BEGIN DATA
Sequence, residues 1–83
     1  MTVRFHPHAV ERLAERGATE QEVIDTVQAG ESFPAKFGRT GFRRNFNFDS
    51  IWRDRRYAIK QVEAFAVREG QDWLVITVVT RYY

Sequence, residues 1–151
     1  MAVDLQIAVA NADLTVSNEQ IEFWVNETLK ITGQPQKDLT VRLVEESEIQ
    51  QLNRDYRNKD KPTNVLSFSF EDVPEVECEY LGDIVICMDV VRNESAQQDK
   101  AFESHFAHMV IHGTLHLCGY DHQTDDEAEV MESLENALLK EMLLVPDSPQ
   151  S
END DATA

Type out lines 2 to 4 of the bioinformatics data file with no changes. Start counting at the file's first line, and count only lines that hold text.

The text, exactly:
     1  MTVRFHPHAV ERLAERGATE QEVIDTVQAG ESFPAKFGRT GFRRNFNFDS
    51  IWRDRRYAIK QVEAFAVREG QDWLVITVVT RYY

Sequence, residues 1–151